TT Talk – Developing A Safety Culture

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A TT Talk describes how to develop a safety culture in workplace.

Developing a mature safety culture

Compliance with regulations and related requirements is a given for all businesses. Failure to comply will place your business in an extremely difficult position, should a serious incident occur. However, adherence with the law should be seen as the baseline in the context of developing a mature safety culture. Furthermore, achieving the minimum may not ultimately be good enough for your business.

Inevitably, there are a range of factors that need to be taken into account in developing an appropriate safety culture for any business. Not least, the underlying environment, including corporate resources and operational throughput, will fundamentally impact the aspirations that drive the business.

As so often, this requires reflection and assessment – preferably a ‘360 degree’ process that takes into consideration your stakeholder universe. Such a comprehensive assessment of the existing safety culture will provide a baseline understanding of the organisation’s strengths, weaknesses, and areas for improvement.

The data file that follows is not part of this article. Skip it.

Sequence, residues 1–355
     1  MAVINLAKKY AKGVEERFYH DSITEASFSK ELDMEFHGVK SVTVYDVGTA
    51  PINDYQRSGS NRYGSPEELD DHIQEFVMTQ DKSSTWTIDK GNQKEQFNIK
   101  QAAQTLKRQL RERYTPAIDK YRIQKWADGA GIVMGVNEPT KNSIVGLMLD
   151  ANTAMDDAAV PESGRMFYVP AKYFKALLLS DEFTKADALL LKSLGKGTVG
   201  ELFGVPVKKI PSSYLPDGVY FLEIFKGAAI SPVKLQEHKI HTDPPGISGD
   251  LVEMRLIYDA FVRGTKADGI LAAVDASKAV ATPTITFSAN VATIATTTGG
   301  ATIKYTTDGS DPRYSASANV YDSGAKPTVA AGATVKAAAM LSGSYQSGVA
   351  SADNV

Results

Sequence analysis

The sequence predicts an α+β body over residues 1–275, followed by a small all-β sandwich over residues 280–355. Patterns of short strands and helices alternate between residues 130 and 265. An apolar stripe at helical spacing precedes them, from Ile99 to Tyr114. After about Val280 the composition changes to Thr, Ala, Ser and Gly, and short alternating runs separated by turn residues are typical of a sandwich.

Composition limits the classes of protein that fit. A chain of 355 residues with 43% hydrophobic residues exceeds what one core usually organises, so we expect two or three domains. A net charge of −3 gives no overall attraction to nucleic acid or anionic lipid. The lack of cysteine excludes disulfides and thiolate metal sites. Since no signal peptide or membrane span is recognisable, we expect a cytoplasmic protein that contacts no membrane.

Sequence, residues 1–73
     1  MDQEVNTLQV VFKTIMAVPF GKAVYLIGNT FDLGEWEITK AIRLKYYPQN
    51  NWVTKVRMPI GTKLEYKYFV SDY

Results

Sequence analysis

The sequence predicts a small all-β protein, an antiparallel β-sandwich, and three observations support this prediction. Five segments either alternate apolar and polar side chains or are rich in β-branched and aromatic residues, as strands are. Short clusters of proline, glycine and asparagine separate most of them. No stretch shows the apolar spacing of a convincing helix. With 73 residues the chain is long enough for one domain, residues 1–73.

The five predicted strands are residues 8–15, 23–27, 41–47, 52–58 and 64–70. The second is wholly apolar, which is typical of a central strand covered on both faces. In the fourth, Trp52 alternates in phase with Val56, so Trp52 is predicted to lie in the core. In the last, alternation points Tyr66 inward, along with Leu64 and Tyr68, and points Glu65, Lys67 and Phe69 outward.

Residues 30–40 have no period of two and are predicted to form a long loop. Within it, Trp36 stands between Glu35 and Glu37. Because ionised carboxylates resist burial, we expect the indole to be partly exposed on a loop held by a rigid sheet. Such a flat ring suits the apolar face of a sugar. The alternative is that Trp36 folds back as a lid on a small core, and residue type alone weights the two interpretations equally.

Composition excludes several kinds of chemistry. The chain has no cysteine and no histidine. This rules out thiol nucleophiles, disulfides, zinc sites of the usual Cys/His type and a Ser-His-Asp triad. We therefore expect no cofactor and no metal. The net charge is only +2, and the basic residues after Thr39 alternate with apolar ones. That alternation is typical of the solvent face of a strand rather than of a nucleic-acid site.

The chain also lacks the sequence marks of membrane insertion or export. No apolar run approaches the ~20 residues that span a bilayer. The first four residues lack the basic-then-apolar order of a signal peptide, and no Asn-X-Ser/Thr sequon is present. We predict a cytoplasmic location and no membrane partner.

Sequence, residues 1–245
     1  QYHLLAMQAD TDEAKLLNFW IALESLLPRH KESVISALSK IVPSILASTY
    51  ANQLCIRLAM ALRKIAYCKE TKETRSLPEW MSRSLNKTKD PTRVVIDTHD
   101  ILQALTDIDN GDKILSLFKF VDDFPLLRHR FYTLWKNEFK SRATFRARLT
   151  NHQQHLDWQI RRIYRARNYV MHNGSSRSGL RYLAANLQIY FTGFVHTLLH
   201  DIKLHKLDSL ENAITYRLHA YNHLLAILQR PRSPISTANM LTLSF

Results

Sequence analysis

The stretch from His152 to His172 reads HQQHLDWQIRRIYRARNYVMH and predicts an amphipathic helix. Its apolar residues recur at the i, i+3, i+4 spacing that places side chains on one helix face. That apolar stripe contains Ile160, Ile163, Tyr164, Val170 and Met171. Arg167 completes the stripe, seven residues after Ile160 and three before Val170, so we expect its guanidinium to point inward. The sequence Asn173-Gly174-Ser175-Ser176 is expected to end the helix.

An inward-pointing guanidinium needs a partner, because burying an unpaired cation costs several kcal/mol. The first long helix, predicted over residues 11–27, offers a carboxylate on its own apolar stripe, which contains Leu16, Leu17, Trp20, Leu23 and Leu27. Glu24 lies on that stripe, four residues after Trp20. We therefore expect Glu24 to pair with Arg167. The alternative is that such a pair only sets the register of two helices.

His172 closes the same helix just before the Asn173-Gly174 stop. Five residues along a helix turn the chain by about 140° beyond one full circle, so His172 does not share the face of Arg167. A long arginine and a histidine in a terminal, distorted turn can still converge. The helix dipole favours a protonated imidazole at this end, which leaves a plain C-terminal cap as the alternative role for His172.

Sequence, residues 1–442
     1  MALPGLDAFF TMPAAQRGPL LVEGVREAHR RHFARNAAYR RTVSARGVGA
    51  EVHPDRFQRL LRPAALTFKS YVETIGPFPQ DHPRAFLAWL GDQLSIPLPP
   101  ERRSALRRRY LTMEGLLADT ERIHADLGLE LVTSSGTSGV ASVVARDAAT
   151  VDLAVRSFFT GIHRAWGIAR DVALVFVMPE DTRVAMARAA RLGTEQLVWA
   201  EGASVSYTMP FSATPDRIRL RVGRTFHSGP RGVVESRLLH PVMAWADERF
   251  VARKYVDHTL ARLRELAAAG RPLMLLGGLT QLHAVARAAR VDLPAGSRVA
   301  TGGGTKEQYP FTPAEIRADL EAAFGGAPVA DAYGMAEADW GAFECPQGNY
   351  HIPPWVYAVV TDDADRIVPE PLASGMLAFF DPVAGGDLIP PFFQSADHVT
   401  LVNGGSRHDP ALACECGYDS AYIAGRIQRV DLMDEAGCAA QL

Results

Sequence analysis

It clearly is not necessary for every similar organisation globally to reach the same conclusions around safety. It is, however, crucial that safety issues are adequately considered, leading to the development of policies and procedures that support a ‘progressive’ or continually improving safety culture. The result will be something tangible, clearly communicated, understood, adopted and appreciated by all stakeholders. So, where might you start?

Committed leadership

The first step in implementing safety culture improvements is to secure strong leadership commitment. Leaders must visibly demonstrate their dedication to safety, communicate safety expectations clearly, and allocate resources to support safety initiatives. They should actively participate in safety programs, set measurable safety goals, and hold themselves accountable for safety outcomes.

Leadership is by example, seen to be ‘walking the walk’ and not just ‘talking the talk’. The whole organisation should feel that doing the right thing is the only way to work, and this must be led from the very top. Where the leadership team is seen to take safety seriously and be accessible where safety matters are concerned, then the entire workforce will follow suit.

Read the full article here. 

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Source: TT Club


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